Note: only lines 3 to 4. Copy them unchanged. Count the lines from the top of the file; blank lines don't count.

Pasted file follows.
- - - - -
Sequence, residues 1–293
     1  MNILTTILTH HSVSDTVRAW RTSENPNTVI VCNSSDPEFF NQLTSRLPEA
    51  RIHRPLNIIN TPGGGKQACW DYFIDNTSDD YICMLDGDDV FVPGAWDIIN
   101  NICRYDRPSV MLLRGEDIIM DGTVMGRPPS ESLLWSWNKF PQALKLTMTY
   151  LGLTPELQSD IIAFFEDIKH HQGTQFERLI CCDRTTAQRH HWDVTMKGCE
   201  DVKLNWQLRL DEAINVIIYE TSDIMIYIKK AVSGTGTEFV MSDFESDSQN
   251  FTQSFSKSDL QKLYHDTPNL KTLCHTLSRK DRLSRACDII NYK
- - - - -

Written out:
    51  RIHRPLNIIN TPGGGKQACW DYFIDNTSDD YICMLDGDDV FVPGAWDIIN
   101  NICRYDRPSV MLLRGEDIIM DGTVMGRPPS ESLLWSWNKF PQALKLTMTY